Some people get a bit miffed by the term “tight arse” and see it as a put-down.
Last time I used the term on SAHM, it had people up in arms declaring war. But me? I wear it as a badge of honour.READ MORE 10 BEST Outdoor Christmas Gifts for Kids
I’m not an ultra-frugal person… that takes a lot of self discipline and commitment to saving money that I just don’t have. I can’t re-use teabags or live without air conditioning and heating. But at the end of the day, I don’t like to spend more than I absolutely have to.
There are lots of reasons people have for watching every dollar carefully. They might be saving for something big. They might not have a lot of money and need to stretch it as far as they can. They might know what it’s like to have had no money and be saving for a rainy day. Or they might just like sticking it to “the man.”
For me, it’s probably the last two. My parents were always broke, broke, broke. As in “let’s take your birthday money from your grandparents to pay for your mother’s pack-a-day cigarette habit and the electricity bill” kind of broke. True story. I’ve worked since I was 15 years old, put myself through university, coughed up a lot of my hard-earned dosh every time ‘the olds’ had yet another self-inflicted financial crisis. So, I know how bloody hard it is to earn money, and I don’t always like parting with it.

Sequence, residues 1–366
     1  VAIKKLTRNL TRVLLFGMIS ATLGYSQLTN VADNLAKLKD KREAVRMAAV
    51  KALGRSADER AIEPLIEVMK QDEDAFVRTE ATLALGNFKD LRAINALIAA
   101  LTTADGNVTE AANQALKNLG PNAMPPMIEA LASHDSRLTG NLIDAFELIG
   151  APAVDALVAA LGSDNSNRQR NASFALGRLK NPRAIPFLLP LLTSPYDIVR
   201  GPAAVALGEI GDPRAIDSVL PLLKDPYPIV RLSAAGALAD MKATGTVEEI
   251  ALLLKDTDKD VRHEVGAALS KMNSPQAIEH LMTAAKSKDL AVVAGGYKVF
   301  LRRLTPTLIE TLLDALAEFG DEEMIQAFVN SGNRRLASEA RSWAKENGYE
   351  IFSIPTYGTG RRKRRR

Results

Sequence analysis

I am my grandmother’s grand-daughter
My late grandmother was a colossal tight arse, if the truth be told. She had grown up during the Depression and always squirrelled away every last cent that she could. She knew all too well what it was like to have absolutely nothing, and she always instilled in me the value of a buck. She worked all her life, even when it wasn’t the norm for women to do so after getting married and having kids, because she got a taste for earning her own money during the second world war.
She still referred to things in pre-decimal currency a lot of the time and she would say to me: “My father always told me that your own shilling is your own best friend”. By this, she meant saving whatever you could and not borrowing.